GIANTS (+2.5)
GIANTS 23-17

Run the ball, they said. New York had 95 yards on 27 carries. 23 of them came on Bradshaw's 23 yard gain against prevent defense on the second last play of the first half and 34 more yards came on the icing drive. New York had 14 yards until that Bradshaw run. Rush the passer they said. The Giants eventually had four sacks and five hits (one sack came on a hopeless Green Bay drive, down by three scores with two minutes left), but got absolutely nothing early (again) and considering how often Rodgers dropped back, and how many yards he gained on the ground (66), New York's pass rush was really quite dissapointing. I mean the first half or so (where they held the Packers to just 10), there was not anyone that seemed to even get past a block. Keep Green Bay's offense off the field, they said. Green Bay won the time of possession in the game, and ignoring the final kneel downs, they had the ball for 17:31 of the 28:13 played in the second half. So how did the Giants win? Yes, they got a well below average day from the Green Bay offense. That was always going to be necessary. The secondary that I said couldn't cover anyone, in fact played a pretty reasonable game. But the deeper answer is Manning. Eli is playing out of his fucking skull at the moment. He has nine touchdowns and one pick in his last three games. He has 953 yards and is completing 69.4% of his throws. The dropoff from Brees to Manning is smaller than you might think. And we know he has the playoff minerals to succeed on the road.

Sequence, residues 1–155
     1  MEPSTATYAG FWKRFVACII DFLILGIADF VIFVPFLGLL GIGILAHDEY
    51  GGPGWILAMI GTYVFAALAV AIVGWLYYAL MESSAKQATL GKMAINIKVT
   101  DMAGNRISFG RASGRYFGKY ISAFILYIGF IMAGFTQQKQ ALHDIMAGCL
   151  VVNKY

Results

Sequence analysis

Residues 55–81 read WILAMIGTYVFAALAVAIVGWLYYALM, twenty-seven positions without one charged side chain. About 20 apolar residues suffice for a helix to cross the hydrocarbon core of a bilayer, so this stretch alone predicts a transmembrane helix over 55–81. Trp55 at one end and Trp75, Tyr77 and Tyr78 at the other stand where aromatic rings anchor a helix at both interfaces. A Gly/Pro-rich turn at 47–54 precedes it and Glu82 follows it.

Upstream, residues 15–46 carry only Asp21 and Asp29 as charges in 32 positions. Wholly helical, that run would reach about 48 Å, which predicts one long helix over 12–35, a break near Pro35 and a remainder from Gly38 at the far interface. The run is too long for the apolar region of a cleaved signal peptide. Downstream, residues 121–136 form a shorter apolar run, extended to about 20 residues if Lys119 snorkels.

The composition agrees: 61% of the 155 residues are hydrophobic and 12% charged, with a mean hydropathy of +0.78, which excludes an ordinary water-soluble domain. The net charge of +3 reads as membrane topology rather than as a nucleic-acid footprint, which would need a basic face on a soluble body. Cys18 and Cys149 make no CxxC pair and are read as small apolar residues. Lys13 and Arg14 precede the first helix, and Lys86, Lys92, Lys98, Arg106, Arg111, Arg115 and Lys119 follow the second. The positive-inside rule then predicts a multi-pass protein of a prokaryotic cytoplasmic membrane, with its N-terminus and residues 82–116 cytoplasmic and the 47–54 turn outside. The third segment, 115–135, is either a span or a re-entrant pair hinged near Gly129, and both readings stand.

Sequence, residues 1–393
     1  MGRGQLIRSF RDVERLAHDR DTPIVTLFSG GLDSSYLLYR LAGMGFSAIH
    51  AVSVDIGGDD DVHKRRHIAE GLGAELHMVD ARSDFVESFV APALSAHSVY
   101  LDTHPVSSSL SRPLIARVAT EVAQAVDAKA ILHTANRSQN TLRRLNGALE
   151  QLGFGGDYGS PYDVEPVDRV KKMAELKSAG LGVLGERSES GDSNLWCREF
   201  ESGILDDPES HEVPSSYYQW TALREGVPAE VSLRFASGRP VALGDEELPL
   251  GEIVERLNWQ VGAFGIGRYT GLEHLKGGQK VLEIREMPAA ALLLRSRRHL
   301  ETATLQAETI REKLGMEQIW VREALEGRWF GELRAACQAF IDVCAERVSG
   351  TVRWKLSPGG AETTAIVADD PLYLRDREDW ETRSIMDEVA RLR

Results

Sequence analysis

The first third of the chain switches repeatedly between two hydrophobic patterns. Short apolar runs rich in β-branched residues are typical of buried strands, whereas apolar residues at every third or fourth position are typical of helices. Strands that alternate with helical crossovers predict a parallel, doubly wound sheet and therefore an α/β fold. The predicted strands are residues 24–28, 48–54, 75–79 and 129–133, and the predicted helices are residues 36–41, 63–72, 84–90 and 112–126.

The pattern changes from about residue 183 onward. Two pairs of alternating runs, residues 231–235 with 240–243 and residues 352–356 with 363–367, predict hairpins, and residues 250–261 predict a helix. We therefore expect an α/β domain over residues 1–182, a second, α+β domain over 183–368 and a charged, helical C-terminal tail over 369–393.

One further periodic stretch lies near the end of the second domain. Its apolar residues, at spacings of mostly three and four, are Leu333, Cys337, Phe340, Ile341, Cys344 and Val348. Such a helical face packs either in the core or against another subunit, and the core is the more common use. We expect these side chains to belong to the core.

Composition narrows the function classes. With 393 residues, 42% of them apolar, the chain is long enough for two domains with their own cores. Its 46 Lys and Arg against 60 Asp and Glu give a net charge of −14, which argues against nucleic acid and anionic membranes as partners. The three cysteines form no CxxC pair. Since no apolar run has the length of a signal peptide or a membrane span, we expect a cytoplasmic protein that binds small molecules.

Green Bay handled the ball like it was greased up before every play (eight drops, three fumbles), but considering the Giants were on the road, and the officiating was probably hard on them, this was not a fluke performance. The Giants generally played better than Green Bay. That was not true of the Niners. Look, it's fair to say if you picked the Niners to win this game, you expected them to win the turnover battle - fine. They were +28 this year, so give them +2. Hell, give them +3. They were effectively plus five in this game when you consider the one San Fran turnover came at midfield with 17 seconds left in the first half, the Saints with no timeouts. Even for Brees that's not a meaningful possession. Plus five, with two on special teams (including one moronic kick return from the endzone). Lucky. Then, they were so incredibly outplayed in this game, that despite the turnovers, they magically are still down with 4 minutes to play. This is what every single person who picked San Francisco feared (be honest) and what everyone who liked New Orleans predicted; Alex Smith would have to throw. He does, and finishes the drive with a twenty eight yard touchdown run - the longest run of his career (he hadn't had a run of more than 14 yards since 2007). Lucky. Then San Fran are down again with one and a half minutes left and a single timeout. Now "you have to throw" isn't even an expression. You literally have to throw every down. This is really what those who picked San Francisco dreaded. Smith then throws 6/7 for 85 yards and a TD. This is a pretty good analogy to my thinking as I was sitting in my underwear watching this game, as someone that picked New Orleans. I was throwing popcorn at the screen by the end. INSANELY lucky. Lucky three different ways in this game. A game where their defense was a paper tiger. New Orleans had 472 yards, 4 touchdowns and those numbers aren't even misleading. San Francisco could not stop New Orleans in any way whatsoever when it counted. The only reason they won this game is because Drew Brees was unable to get a meaningful possession last. FOX flashed a stat that said only once in the history of the NFL had a team had a +4 turnover margin and lost in the playoffs before Saturday, and again, to remind you, it was really closer to +5. San Francisco were historically outplayed for 59 minutes (by the way, can you imagine if Tebow, and not Smith, did that? The internet might have exploded).